Amphora Review

In Amphora, you command a wisp of smoke that lives in a, well, amphora. Like a genie or spirit, your smokey form watches over the life of a girl, guiding her and her family through the major scenes in their lives. Each scene is displayed in colourful environments that draw inspiration both from shadow theater and stained glass windows. The amphora is located somewhere in the level and your area of effect surrounds it. This means that you are not able to manipulate objects everywhere in the scene and may lose control of them if they end up outside this area. If the objects are important, they will spawn back in, giving you a chance to try again. Your task in each scene (or level) is to manipulate certain objects in a certain to complete the task needed to proceed. Usually, the levels are fairly straightforward and the goal is clear from the beginning.

What is not always clear is the way how to solve it. While most scenes are easily breezed through, there were two in particular that were difficult, the sheep and the ship levels. In the sheep level, it was not made clear how to solve it and I got through it by breaking the game. Later, while watching a video of how to complete the level the proper way, the solution required an idea that had not been introduced before and wasn’t used after. The ship level was difficult because the controls were janky and fiddly. This resulted in trial and error as I continuously swept my mouse back and forth trying to launch this item correctly.

The questionable controls and physics prevail throughout the game, but it was only in this instance where I felt it had a detrimental effect on my play. The rest of the puzzles more or less worked as they should have, though if you are going to achievements, you will encounter more jankiness.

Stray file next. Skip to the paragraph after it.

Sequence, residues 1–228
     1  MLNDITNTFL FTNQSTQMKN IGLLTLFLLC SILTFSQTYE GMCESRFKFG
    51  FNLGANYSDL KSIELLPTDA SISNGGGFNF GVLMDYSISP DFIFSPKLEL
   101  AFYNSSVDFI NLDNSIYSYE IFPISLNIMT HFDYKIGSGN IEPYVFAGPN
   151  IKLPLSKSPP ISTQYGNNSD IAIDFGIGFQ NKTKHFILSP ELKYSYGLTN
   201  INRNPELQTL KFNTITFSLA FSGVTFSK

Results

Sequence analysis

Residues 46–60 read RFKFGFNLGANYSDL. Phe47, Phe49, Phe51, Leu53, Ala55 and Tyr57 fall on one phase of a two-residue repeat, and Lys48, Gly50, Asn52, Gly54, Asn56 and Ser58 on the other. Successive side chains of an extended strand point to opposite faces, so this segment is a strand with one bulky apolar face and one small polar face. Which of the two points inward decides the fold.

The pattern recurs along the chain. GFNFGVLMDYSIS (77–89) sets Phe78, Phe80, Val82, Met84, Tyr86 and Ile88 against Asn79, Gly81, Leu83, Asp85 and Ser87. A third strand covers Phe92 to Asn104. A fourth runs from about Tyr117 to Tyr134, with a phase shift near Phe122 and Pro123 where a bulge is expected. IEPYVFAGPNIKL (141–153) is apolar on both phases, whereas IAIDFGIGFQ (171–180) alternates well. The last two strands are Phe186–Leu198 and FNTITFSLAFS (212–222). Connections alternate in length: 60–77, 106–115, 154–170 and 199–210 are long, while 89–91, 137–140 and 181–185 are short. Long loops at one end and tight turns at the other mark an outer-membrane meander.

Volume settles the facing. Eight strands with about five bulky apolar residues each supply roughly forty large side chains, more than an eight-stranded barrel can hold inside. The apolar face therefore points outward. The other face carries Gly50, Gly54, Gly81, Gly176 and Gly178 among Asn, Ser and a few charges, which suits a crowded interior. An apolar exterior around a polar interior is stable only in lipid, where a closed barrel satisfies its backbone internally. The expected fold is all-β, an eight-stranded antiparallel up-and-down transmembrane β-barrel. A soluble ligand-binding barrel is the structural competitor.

When trying to toss objects across the screen is not enough, the smoky amphora unlocks a new mechanic, wispy silver lines. These lines can be drawn and cut and drawn again to hold things in place, kind of. There are some strange rules around how exactly these lines work and what they can do, so experimentation is a must. This mechanic becomes essential in certain puzzles, where you need to hold things in place in relation to other objects or keep certain things in place. A few of my solutions had these ugly spiderwebs all over as I was frantically drawing lines to get one that worked.

Each scene looks great and is something to look forward to, and tells the story of the life of a girl and possibly her family. We see stereotypical phases of her life – falling in love, marriage, playing with toys, going to war, traveling – but there is no explicit narrative. This often leads to confusion about the context of what is happening in the scene. In the aforementioned ship scene, the player has to moor a ship so a passenger can get on and supposedly go to a far away land. We don’t know why, or where and while this may not be important for the actual game, it made the narrative seem superfluous.

A story might be necessary to include to give some context and structure to the puzzles, but I wish it had been implemented a bit better. Since the game is without speech or written text, the stories of each scene rely solely on visuals (and the cultural references of the player) for delivery. Some scenes are quite complex and delightful, but others are bare by comparison. Perhaps more time on each scene and a less ambitious story with more straightforward set pieces would have improved it.

It does not take away from the experience except in implanting the feeling that I had missed something profound. What is this amphora anyway?

In the end, it comes down to inspiration. Some of the scenes are great. Reading bedtime stories to the young girl, love at first sight in the marketplace, the man under the rain of arrows are all superb. The craft of these really highlight where the developer’s inspirations lay and make the less well-thought out scenes stand out even more as filler scenes. Amphora is a game that feels like it started as an aesthetic first and a game second.

But it is a great aesthetic. If you can deal with the inconsistent inspiration and the inconsistent difficulty, it is a nice puzzler for a handful of hours.